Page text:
[$] System-call wrappers for glibc

Thursday 19th of September 2019 03:42:39 PM
The GNU C Library has long had a reputation for being hostile to the addition of wrappers for new Linux system calls; that has resulted in many system calls being unsupported by the library for years. That situation is changing, though. During the Toolchain microconference at the 2019 Linux Plumbers Conference, Maciej Rozycki talked about glibc's new attitude toward system-call wrappers, but also served notice that there is still significant work to do for the addition of any new system call.

Stable kernels 5.2.16, 4.19.74, and 4.14.145

Thursday 19th of September 2019 02:39:50 PM
Greg Kroah-Hartman has announced the release of the 5.2.16, 4.19.74, and 4.14.145 stable kernels. Important fixes are contained within; users should upgrade.

Security updates for Thursday

Thursday 19th of September 2019 01:45:14 PM
Security updates have been issued by CentOS (exiv2, firefox, ghostscript, http-parser, httpd, kdelibs and kde-settings, kernel, pango, qemu-kvm, and thunderbird), Debian (ibus), Fedora (kernel, kernel-headers, python34, qbittorrent, and samba), openSUSE (chromium), Oracle (go-toolset:ol8), Red Hat (kernel, nginx:1.14, patch, ruby, skydive, systemd, and thunderbird), Scientific Linux (thunderbird), SUSE (libreoffice, openssl-1_1, python-urllib3, and python-Werkzeug), and Ubuntu (tomcat9 and wpa, wpasupplicant).

[$] LWN.net Weekly Edition for September 19, 2019

Thursday 19th of September 2019 12:25:42 AM
The LWN.net Weekly Edition for September 19, 2019 is available.

[$] Deep argument inspection for seccomp

Wednesday 18th of September 2019 08:07:58 PM
In the Kernel Summit track at the 2019 Linux Plumbers Conference, Christian Brauner and Kees Cook led a discussion on finding a way to do deep argument inspection for seccomp filtering. Currently, seccomp filters can only look at the top-level arguments to a system call, which means that there are use cases that cannot be supported. There was a lively discussion in the session, but no definitive conclusion was reached; various ideas were considered, but none seemed to quite fit the bill.

Security updates for Wednesday

Wednesday 18th of September 2019 02:47:39 PM
Security updates have been issued by CentOS (firefox and kernel), Debian (thunderbird), Fedora (curl), openSUSE (curl and python-Werkzeug), Oracle (kernel and thunderbird), Red Hat (rh-nginx114-nginx), SUSE (curl, ibus, MozillaFirefox, firefox-glib2, firefox-gtk3, openldap2, openssl, openssl1, python-urllib3, and util-linux and shadow), and Ubuntu (linux, linux-aws, linux-azure, linux-lts-trusty, linux-lts-xenial, linux-oracle, linux-raspi2, linux-snapdragon, and wpa).

Moving Firefox to a faster 4-week release cycle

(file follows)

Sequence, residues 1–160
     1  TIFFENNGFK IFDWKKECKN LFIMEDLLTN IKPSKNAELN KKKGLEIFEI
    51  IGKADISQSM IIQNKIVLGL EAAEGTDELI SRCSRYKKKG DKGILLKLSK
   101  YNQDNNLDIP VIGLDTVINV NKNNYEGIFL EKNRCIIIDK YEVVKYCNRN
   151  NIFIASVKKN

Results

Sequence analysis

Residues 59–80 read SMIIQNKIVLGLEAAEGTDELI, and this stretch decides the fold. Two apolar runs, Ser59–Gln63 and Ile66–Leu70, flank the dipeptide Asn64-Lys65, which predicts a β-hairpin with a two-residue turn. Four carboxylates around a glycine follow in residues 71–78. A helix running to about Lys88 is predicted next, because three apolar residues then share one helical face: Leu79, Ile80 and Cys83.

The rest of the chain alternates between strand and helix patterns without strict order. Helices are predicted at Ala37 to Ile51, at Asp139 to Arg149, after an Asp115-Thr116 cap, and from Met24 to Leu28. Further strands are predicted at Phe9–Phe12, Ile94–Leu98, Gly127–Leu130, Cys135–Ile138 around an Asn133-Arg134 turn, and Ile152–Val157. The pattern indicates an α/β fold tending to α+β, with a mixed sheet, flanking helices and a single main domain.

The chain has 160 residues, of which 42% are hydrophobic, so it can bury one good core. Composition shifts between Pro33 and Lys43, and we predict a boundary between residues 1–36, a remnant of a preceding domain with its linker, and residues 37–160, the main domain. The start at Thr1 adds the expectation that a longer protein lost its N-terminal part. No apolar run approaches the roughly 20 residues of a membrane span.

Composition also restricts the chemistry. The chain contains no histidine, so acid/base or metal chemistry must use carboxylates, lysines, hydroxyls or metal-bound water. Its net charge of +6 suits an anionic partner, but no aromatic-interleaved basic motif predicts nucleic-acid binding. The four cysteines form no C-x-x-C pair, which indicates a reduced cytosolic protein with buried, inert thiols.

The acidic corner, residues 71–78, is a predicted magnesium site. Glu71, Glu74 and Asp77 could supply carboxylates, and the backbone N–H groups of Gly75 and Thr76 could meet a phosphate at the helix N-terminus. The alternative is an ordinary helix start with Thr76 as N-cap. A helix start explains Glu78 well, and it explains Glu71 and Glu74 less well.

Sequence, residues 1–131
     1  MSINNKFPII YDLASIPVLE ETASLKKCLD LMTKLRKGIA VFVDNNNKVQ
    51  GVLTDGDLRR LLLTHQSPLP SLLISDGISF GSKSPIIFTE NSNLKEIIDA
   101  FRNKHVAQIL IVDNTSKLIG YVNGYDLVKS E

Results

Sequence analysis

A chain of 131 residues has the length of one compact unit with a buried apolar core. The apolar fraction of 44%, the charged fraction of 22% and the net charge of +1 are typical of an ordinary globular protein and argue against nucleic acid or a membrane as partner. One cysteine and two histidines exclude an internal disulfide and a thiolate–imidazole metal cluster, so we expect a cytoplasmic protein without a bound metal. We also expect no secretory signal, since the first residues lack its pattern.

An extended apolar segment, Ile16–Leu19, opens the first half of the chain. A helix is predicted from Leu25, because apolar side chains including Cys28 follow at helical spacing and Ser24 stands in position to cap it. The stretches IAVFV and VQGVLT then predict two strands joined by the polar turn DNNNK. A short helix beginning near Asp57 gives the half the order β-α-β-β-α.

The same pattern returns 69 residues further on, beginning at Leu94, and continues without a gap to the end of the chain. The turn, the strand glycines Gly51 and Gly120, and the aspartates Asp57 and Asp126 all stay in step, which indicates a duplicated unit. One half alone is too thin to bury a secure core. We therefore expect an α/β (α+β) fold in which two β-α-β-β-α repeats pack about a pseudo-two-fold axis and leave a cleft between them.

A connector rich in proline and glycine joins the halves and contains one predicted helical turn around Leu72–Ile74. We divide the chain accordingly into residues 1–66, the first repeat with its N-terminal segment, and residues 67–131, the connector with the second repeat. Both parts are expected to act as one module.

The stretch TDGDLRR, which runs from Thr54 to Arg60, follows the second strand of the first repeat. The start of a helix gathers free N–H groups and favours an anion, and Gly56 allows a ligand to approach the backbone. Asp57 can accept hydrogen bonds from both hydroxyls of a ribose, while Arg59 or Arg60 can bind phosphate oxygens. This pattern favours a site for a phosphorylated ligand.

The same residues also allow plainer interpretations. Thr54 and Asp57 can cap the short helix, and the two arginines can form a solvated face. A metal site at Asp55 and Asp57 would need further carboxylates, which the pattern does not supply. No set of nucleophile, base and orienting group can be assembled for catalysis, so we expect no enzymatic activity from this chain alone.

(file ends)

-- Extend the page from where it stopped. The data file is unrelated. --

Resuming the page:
Tuesday 17th of September 2019 09:07:32 PM
The Mozilla blog has an announcement that Firefox will be moving to 4-week release cycle, starting in 2020. "Shorter release cycles provide greater flexibility to support product planning and priority changes due to business or market requirements. With four-week cycles, we can be more agile and ship features faster, while applying the same rigor and due diligence needed for a high-quality and stable release. Also, we put new features and implementation of new Web APIs into the hands of developers more quickly." The Firefox ESR (Extended Support Release) release cadence will remain the same.

[$] The properties of secure IoT devices

Tuesday 17th of September 2019 09:03:13 PM
At Open Source Summit North America 2019, David Tarditi from Microsoft gave a talk on seven different properties for highly secure Internet of Things (IoT) devices. The properties are based on a Microsoft Research white paper [PDF] from 2017. His high-level summary of the talk was that if you are creating a device that will be connecting to the internet and you don't want it to get "owned", you should pay attention to the properties he would be describing. Overall, it was an interesting talk, with good analysis of the areas where effort needs to be focused to produce secure IoT devices, but it was somewhat marred by an advertisement for a proprietary product (which, naturally, checked all the boxes) at the end of the talk.

CentOS Linux 7 (1908) released

Tuesday 17th of September 2019 04:46:23 PM
A new release of CentOS Linux 7 is available. This release is tagged as 1908 and derived from Red Hat Enterprise Linux 7.7 source code. The release notes have the details. CentOS Linux 7 (1908) is also available for several alternate architectures.

Security updates for Tuesday

Tuesday 17th of September 2019 02:50:35 PM
Security updates have been issued by Debian (dino-im, python2.7, python3.4, and wpa), Fedora (kmplayer), openSUSE (podman and samba), Oracle (thunderbird), Red Hat (thunderbird), Slackware (expat), SUSE (curl), and Ubuntu (apache2).

More in Tux Machines

Microsoft admits Android is the best operating system for mobile devices

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Canonical releases Ubuntu Linux 19.10 Eoan Ermine with GNOME 3.34, light theme, and Raspberry Pi 4 support

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Canonical Outs Linux Kernel Security Update for Ubuntu 19.04 to Patch 9 Flaws